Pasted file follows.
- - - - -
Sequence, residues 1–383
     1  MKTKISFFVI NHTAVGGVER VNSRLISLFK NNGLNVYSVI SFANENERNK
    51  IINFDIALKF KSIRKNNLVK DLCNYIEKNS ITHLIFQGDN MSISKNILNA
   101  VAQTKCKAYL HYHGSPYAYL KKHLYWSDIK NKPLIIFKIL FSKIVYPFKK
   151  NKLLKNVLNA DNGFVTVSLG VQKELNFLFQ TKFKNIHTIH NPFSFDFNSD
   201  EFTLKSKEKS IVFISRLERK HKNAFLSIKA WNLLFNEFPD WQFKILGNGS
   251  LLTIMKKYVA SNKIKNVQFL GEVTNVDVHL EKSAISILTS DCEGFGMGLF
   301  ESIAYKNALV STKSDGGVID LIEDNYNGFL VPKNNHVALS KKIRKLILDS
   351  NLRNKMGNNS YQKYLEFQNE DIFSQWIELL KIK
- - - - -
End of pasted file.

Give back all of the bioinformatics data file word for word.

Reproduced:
Sequence, residues 1–383
     1  MKTKISFFVI NHTAVGGVER VNSRLISLFK NNGLNVYSVI SFANENERNK
    51  IINFDIALKF KSIRKNNLVK DLCNYIEKNS ITHLIFQGDN MSISKNILNA
   101  VAQTKCKAYL HYHGSPYAYL KKHLYWSDIK NKPLIIFKIL FSKIVYPFKK
   151  NKLLKNVLNA DNGFVTVSLG VQKELNFLFQ TKFKNIHTIH NPFSFDFNSD
   201  EFTLKSKEKS IVFISRLERK HKNAFLSIKA WNLLFNEFPD WQFKILGNGS
   251  LLTIMKKYVA SNKIKNVQFL GEVTNVDVHL EKSAISILTS DCEGFGMGLF
   301  ESIAYKNALV STKSDGGVID LIEDNYNGFL VPKNNHVALS KKIRKLILDS
   351  NLRNKMGNNS YQKYLEFQNE DIFSQWIELL KIK